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My father was born with a white covering on one eye which never went away. Eventually that eye was removed. He was born in 1897. What would that condition be called today. Is it genetic?

This is difficult to answer accurately. You probably have mostly family "legends" to describe this although there may be a picture in the family album. Eyes may appear white due to corneal disease (the window at the front of the eye being opaque) or due to uncontrolled glaucoma which can cause the eye in infancy to enlarge and become white in coloration. Many of these however will not cause the need for removal of an eye which is usually done for pain in the presence of no vision. Eyes can be misshapen and turn whitish in color. Cataracts may give the pupil a white appearance and a tumor called retinoblastoma can grow large and whiten the eye – although in 1897 this probably would have led to death. Almost all known conditions which cause surface whitening of the eye are artifacts of birth and are not genetic so you almost certainly have nothing personally to worry about.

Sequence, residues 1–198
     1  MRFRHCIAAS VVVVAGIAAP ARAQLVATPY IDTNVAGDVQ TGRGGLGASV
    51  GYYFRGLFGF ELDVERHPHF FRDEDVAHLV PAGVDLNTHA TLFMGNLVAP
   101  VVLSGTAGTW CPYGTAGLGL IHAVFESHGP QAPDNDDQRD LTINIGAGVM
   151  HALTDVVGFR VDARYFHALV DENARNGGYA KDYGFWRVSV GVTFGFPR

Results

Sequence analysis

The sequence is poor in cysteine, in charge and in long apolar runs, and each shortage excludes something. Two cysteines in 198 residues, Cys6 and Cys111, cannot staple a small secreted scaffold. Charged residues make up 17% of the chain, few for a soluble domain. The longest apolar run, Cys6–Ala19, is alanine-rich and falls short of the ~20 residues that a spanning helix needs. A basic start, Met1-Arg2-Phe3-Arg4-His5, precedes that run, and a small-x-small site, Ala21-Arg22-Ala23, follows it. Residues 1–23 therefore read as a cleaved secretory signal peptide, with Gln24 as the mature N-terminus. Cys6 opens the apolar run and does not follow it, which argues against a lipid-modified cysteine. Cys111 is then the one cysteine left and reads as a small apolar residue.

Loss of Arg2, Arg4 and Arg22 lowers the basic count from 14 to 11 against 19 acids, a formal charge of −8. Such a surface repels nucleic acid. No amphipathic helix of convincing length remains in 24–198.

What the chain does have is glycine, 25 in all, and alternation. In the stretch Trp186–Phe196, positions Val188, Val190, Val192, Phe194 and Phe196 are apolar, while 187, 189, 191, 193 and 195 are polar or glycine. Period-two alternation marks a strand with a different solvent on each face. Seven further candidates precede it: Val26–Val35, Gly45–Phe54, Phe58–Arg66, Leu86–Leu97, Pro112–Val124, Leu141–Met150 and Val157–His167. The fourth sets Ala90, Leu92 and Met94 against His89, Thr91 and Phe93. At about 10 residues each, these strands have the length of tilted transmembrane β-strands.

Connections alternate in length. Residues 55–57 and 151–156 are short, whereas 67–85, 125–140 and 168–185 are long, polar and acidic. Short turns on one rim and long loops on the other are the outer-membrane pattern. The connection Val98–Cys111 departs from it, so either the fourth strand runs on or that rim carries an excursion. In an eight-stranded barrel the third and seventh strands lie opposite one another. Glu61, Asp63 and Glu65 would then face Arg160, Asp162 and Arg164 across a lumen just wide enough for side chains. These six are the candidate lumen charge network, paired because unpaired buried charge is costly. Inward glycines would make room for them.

Answered by: Richard Bensinger, MD  Dr. Richard Bensinger

Categories: Eye Diseases, Eye Conditions

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Answered: Nov 04, 2012

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